The solemn festivities of Holy Week are the source of a long iconographical tradition. Some of the best known images inspired by the events of that week are universally known, and repeated to the point of cliché, which is regrettable because it somehow diminishes the power of the original works.
There are two main events that occur on Maundy Thursday or Holy Thursday, the Last Supper, and the Mount of Olives vigil. Both have had their share of visual representations, but the Last Supper is no doubt the most widely represented.
Of course, the best known representation of the Last Supper is that of Leonardo da Vinci. I have never seen the original as the monastery in Milan that houses it was closed when I visited the city in the spring of 1971. Perhaps it is just as well, as it was in a lamentable state at the time, and has fairly recently been carefully restored as best as can be without compromising the integrity of Leonardo’s original, or what’s left of it. Here is (I think) a fairly recent picture of the masterpiece. which is to be found in the refectory (dining hall) of the Dominican Convent of Santa Maria delle Grazie in Milan.
The work was painted between 1494 and 1498 and measures 460 x 880 cm or about 15 feet high by almost 29 feet, and is situated on a high wall above a doorway.
To my mind, the most striking of all Last Suppers, was that of Jacopo Tintoretto (1518-1594) in the Venetian church of San Giorgio Maggiore. Here it is:
If ever there was a picture that illustrated the dynamism and drama of the Baroque period, this is it. I often used it in my lectures to show the difference between the Renaissance (da Vinci) and the Baroque aesthetic. The Tintoretto is probably my favourite depiction of the Last Supper. It is an oil on canvas and measures 365 x 568 cm (about 12 by 18 feet) and dates from about 1592-94. I can imagine the impact this depiction of the Last Supper would have had on people still accustomed to Late Medieval and Renaissance traditions!
There is also a wonderful depiction of the Last Supper by Domenico Guirlandaio (1449-1494) dated 1480, so it predates Leonardo’s by a decade or so. It is a fresco in the Cenacolo di Ognisanti In Florence. It measures 400 cm × 810 cm (160 in × 320 in).
Artists have generally focused on one particular moment during the Last Supper. Leonardo focused on the moment when Christ says that one of the disciples will betray him. Others have focused on the breaking of the bread and the communion-related aspects of the event, the new covenant, etc. Still others have taken a less specific moment.
Albrecht Dürer (1471-1528) for instance emphasized the Eucharistic moment in his 1523 woodcut, shown here.
His woodcut for the so-called “Large Passion” of 1496 had used very similar iconography, but one more filled with incident. Here is that version:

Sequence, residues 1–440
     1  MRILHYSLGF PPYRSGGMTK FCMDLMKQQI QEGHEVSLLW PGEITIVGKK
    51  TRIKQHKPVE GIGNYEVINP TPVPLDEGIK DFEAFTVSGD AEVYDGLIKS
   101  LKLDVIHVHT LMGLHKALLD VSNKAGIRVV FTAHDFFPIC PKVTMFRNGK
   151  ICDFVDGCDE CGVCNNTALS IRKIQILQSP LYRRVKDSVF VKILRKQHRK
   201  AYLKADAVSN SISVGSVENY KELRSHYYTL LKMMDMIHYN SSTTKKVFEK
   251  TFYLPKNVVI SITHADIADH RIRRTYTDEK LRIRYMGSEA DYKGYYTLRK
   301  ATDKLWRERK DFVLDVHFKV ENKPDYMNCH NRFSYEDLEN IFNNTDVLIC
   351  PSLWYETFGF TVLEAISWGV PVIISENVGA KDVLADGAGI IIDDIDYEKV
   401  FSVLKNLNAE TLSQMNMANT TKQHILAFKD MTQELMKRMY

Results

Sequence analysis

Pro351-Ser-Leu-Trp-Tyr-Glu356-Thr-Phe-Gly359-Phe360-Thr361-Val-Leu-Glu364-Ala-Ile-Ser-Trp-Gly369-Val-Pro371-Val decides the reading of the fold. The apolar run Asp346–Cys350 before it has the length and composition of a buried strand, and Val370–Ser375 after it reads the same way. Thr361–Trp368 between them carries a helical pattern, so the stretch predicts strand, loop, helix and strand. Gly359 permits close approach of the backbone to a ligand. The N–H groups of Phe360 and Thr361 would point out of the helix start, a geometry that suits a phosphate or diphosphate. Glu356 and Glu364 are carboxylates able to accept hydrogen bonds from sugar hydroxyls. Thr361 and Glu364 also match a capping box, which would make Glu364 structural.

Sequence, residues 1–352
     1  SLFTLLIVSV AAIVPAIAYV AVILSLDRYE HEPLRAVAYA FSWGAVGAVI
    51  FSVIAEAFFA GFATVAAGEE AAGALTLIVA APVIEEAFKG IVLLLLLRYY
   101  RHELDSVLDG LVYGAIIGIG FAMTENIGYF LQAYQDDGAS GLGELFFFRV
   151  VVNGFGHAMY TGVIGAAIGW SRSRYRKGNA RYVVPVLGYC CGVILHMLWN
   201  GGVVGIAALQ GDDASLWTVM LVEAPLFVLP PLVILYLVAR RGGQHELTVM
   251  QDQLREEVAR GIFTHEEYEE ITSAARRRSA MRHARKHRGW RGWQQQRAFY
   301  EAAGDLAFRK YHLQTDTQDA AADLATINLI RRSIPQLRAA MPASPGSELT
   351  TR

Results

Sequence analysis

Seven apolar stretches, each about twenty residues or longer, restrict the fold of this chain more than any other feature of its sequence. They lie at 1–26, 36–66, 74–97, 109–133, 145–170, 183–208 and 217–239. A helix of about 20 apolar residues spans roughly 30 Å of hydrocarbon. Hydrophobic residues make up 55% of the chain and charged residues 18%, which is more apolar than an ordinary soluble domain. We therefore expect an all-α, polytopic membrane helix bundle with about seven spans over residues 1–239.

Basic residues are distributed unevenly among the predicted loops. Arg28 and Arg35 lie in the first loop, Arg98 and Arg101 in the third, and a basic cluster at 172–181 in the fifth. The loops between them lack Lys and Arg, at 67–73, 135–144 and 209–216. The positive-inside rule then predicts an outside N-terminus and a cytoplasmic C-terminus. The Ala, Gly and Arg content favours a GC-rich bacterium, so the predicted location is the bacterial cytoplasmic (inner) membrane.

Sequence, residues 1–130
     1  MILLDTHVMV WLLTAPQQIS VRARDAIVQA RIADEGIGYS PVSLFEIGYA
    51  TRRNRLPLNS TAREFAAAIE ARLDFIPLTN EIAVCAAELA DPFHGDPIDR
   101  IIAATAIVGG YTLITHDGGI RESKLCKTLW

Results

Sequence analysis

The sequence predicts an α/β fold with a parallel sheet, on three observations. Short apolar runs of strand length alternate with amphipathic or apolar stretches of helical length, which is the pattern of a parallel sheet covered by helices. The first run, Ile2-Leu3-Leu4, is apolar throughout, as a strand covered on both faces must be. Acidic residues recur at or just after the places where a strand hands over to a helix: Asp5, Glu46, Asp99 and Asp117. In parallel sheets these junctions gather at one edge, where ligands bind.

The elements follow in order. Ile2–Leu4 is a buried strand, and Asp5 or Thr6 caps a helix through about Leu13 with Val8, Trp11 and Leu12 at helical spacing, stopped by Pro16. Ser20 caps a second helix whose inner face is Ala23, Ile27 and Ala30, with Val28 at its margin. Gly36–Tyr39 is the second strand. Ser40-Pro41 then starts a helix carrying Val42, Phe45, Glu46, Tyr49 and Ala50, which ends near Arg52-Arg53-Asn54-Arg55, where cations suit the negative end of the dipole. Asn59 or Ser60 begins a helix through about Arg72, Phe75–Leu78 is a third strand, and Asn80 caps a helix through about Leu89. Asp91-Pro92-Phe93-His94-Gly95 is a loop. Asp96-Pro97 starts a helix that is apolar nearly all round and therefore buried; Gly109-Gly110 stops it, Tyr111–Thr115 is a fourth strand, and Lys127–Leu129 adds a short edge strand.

We have some leftover Passover lamb on a platter, with bread on the table and wine being poured. In both instances, as in the Guirlandaio depiction above, St. John is in Christ’s arms, or resting on his breast, as stated in John’s Gospel: (John 13:23) “Now there was leaning on Jesus’ bosom one of his disciples, whom Jesus loved.” (King James version). John was the youngest of Christ’s disciples, and was an early recruit, along with his elder brother James, sons of Zebedee, fishermen on the Sea of Galilee.
When I first visited Italy in 1971, I spent most of my time in churches and museums, looking at art first hand. As I had a good knowledge of scripture back then, and Christian iconography in general terms, depictions of the scenes inspired by the Gospels were familiar to me. What was less familiar was some of the earlier iconography, some of it quite literal, which makes for rather awkward pictorial situations. How are we to understand these depictions of St. John “leaning on Jesus’ bosom?” There is greater clarity in the depictions of Judas, of course, who sometimes sits alone opposite Christ across the table.
One extraordinary depiction of the Last Supper, by one Heinrich Lutzelmann (ca. 1450- ca. 1506) was done in 1485 on a panel and is situated in the Church of St. Pierre-le-Vieux in Strasbourg (Alsace). It is about 203 cm high. Once again St. John is seen in Christ’s arms, asleep or just resting.
Traditionally, the Apostles were represented with haloes, and this sometimes posed a bit of a problem. Giotto (ca. 1265–1337) in his 1305 depiction demonstrates how awkward this can be when the figures seen from the back or the side appear to have their heads on some kind of platter that has discoloured over time.
Then there is the wonderful depiction of the Last Supper by Duccio di Buoninsegna (1235-1319) dated 1308-1312. Duccio avoids the problem of the haloes by only placing them behind frontal figures.
There is lots of discussion and scholarly debate over whether or not the Last Supper was a Seder (the traditional Passover meal) or not… the question being exactly on what day of the week did the Last Supper occur? There seems to be some consensus that it was not a Seder, since the meal occurred at least one day before the Crucifixion which was on a Friday (before Sabbath). So the menu served up at the Last Supper is an open question. What was certainly served was bread and wine, and the occasion was a gathering of friends. The farewell sermon of Christ to his disciples on this occasion still makes for extraordinary reading today, regardless of one’s personal beliefs. The Gospel of St. John, originally written in Greek, is the most poetic of them all, as is his book of Revelations.
© Roger H. Boulet, 2015
Scriptural Citations for the Last Supper:
Matthew 26: 24-25; Mark 14: 18-21; Luke 22: 21-23 and John 13:21-30
All images readily available online.